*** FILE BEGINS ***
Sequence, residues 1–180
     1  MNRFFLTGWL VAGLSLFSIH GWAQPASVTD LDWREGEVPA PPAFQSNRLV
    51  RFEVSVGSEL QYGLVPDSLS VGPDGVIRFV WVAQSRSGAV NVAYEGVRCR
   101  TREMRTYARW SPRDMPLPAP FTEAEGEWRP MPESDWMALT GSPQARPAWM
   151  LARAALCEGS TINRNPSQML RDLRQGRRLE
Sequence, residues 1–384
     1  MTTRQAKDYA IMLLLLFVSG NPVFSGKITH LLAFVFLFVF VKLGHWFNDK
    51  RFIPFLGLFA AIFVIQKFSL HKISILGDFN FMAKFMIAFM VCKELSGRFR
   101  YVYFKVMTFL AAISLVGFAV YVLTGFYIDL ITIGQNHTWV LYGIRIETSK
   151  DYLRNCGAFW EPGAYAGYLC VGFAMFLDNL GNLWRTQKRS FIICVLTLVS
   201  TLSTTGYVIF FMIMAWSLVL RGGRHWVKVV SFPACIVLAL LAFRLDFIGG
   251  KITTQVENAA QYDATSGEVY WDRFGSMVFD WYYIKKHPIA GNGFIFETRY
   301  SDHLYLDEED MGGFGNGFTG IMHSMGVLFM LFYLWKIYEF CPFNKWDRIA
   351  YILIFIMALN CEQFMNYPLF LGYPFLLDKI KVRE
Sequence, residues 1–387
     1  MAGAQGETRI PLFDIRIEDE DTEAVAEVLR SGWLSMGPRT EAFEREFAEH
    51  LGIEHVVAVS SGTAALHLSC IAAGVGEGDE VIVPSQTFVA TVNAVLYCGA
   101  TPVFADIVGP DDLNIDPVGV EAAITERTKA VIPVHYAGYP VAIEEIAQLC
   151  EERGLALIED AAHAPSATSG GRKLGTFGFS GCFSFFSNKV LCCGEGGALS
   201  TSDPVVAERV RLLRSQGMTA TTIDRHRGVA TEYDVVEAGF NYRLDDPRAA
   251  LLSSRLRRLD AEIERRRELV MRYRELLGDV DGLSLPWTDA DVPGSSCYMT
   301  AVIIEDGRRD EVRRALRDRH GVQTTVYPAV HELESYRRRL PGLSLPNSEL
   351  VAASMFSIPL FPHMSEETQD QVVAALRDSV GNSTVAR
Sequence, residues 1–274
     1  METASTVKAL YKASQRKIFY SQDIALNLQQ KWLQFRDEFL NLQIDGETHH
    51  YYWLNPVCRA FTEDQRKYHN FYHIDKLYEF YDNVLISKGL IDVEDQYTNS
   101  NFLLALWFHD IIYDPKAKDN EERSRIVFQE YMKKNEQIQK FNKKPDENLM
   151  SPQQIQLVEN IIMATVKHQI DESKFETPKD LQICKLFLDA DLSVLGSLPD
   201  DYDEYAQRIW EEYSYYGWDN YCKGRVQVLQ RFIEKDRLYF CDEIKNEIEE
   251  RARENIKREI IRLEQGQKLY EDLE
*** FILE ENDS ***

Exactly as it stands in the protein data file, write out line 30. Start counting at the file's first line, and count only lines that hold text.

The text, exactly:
   251  RARENIKREI IRLEQGQKLY EDLE